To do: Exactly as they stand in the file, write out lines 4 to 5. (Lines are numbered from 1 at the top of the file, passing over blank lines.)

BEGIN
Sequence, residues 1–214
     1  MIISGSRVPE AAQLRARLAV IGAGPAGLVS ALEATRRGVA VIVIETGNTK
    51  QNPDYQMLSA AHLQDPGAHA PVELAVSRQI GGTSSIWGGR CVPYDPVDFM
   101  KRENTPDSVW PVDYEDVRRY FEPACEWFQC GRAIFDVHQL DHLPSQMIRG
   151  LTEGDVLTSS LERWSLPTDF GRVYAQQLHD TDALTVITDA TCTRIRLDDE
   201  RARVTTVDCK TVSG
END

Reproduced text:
   101  KRENTPDSVW PVDYEDVRRY FEPACEWFQC GRAIFDVHQL DHLPSQMIRG
   151  LTEGDVLTSS LERWSLPTDF GRVYAQQLHD TDALTVITDA TCTRIRLDDE